Safer to be in than Tanzania or Uganda, according to the UN.
The U.N.’s announcement this week that Kenya is now safer for its employees than Tanzania or Uganda sheds new light on how travelers should view government travel warnings.
Not much has changed in the last year in world governments’ advice to their citizens heading on safari. The U.S. and Britain retain a travel warning against Kenya, Canada doesn’t, and Canada and Britain retain a travel warning on Uganda, and the U.S. does not.
The U.S.’ lack of warning on Uganda is political. Ever since Bill Clinton invested so much time and money in Uganda, and more recently when so many U.S. politicians got mired in Uganda’s sticky politics, the U.S. has misrepresented that country’s safety for travelers.
I think Uganda is safe to visit, if you know what you’re doing. As I do for Kenya and Tanzania. But traveling to East Africa for a safari is not as safe as traveling to Branson, Missouri, for a music festival, or to the Loire Valley for wine tasting, and it’s perfectly right of governments to try to explain these distinctions.
After years of trying to figure out these admonitions from a variety of western governments, after years of parsing which are political and which are truly advisory, I think at last there may be a better guide for potential travelers than any government’s specific recommendations.
The United Nations has tens of thousands of employees stationed all over the world. The level of pay – like our own military and foreign service – is determined to a certain extent by how dangerous the UN believes these postings are.
But the UN goes beyond analyzing simple threats to personal safety. It analyzes how easy communication is, what diseases are locally threatening, how likely power interruptions occur, how smoothly complaints and infractions of local law are handled by local authorities, how complete public services are… it even analyzes how enjoyable are local cinemas and theaters, how well stocked is the local grocery store, and how the climate might effect foreigners not used to it. And much more.
It goes on and on, because what the UN realizes is that the “safety” of a foreigner in a foreign place is a “well-being” issue that extends far beyond whether or not al-Qaeda is trying to get you.
And so the UN puts all the countries in the world into 5 categories: A, B, C, D or E.
Get a posting to a country with an “E” rating and you’re going to be paid a lot to maybe get killed. Get a posting to a country with an “A” rating and you’re going to be paid a lot less but will live to spend it all.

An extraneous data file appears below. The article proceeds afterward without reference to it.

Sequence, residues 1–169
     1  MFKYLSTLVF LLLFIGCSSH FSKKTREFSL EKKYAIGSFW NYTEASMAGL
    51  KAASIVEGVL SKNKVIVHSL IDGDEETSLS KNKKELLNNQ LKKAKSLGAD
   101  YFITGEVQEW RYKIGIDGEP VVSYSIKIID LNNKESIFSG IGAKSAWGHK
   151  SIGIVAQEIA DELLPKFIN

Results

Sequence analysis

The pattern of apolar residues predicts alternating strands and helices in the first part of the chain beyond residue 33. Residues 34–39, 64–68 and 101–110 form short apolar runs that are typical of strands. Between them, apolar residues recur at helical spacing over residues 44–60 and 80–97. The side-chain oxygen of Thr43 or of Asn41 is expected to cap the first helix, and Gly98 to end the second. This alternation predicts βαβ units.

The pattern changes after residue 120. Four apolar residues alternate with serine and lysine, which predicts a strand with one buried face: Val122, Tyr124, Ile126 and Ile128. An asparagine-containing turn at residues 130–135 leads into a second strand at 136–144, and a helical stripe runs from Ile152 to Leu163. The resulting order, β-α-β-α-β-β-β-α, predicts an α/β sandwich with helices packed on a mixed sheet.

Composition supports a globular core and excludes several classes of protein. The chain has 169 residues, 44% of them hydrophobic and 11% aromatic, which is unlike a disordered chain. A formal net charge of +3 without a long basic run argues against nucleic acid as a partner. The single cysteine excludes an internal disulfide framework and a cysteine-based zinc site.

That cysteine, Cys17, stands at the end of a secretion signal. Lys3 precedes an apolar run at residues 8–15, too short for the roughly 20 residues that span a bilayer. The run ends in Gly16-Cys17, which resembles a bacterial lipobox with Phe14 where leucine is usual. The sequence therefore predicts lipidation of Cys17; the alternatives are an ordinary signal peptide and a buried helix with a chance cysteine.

Better yet, the UN may divide a country’s rating depending upon what city you’re visiting.
Last week the UN moved Nairobi and Mombasa (Kenya) up from C to B. It kept Arusha and Dar-es-Salaam (Tanzania) and Kampala (Uganda) at C.
That’s exactly how I feel.
C is OK, if you know what you’re doing and how to do it. B takes a little bit less care.
Of the 141 countries in the world that the UN has a permanent presence:
49 are A,
37 are B,
27 are C,
21 are D,
and 7 are E.
Of those 46 are in sub-Sahara Africa:
6 are A,
9 are B,
14 are C,
13 are D,
and 4 are E.
As I’ve said time and again, nobody going on vacation wants to research the safety of where they’re headed. But also as I’ve repeatedly explained, a safari isn’t a “vacation.”
There’s little R&R on safari. A safari traveler is a student, and that’s a wonderful thing. She’s an explorer, lusting for the new and unknown. He doesn’t want a quiet beach in the Carolinas.
So there’s a risk in this, however slight. It takes some guts to want to become smarter, to educate yourself about parts of the world that are foreign to you.
But that doesn’t mean you put yourself in danger. So how best to determine this threshold?
Go first to the UN list. Don’t go if it’s a D or E. If it’s C, then read the detailed travel advisories from your country and others to help you determine if you consider it safe. If Britain, Canada and the U.S. all agree, I think you can take that as a pretty unbiased analysis.
But if they don’t agree, as they don’t in East Africa, it gets a bit tougher. You have to figure out why they don’t agree, and decide who is better to trust.
(Important qualifier: my simple list above is for only the capitals of those countries. Kenya, for instance, gets an “E” for the town of Garissa, which is near the Somali border. So you also need to research your travel by city, beyond the simple capital references given above.)
And finally, I’ll leave you with this travel admonition recently given to travelers from abroad who are considering visiting the United States:
“There is a general threat from terrorism in the United States. Attacks could be indiscriminate, including in places frequented by expatriates and foreign travelers. The US Department of Homeland Security (DHS) has designated the terror alert status of “orange”, or high, for all international and domestic flights in the USA.”
The above admonition comes from Her Majesty’s government of Great Britain.
Salim Jonmohamed is CEO of Serena Lodges in East Africa.